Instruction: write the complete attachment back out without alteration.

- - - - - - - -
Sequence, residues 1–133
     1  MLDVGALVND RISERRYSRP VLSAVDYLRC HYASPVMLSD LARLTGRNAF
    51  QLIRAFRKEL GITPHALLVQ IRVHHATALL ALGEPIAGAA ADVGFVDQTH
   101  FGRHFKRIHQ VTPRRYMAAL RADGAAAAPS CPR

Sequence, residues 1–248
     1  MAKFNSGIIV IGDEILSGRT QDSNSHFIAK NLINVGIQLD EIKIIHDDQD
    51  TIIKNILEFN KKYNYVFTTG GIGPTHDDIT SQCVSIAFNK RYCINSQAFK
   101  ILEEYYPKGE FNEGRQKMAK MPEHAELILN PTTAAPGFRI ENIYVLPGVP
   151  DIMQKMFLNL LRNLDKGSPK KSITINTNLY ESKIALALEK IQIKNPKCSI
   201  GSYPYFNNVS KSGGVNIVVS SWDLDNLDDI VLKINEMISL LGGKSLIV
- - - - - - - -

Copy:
Sequence, residues 1–133
     1  MLDVGALVND RISERRYSRP VLSAVDYLRC HYASPVMLSD LARLTGRNAF
    51  QLIRAFRKEL GITPHALLVQ IRVHHATALL ALGEPIAGAA ADVGFVDQTH
   101  FGRHFKRIHQ VTPRRYMAAL RADGAAAAPS CPR

Sequence, residues 1–248
     1  MAKFNSGIIV IGDEILSGRT QDSNSHFIAK NLINVGIQLD EIKIIHDDQD
    51  TIIKNILEFN KKYNYVFTTG GIGPTHDDIT SQCVSIAFNK RYCINSQAFK
   101  ILEEYYPKGE FNEGRQKMAK MPEHAELILN PTTAAPGFRI ENIYVLPGVP
   151  DIMQKMFLNL LRNLDKGSPK KSITINTNLY ESKIALALEK IQIKNPKCSI
   201  GSYPYFNNVS KSGGVNIVVS SWDLDNLDDI VLKINEMISL LGGKSLIV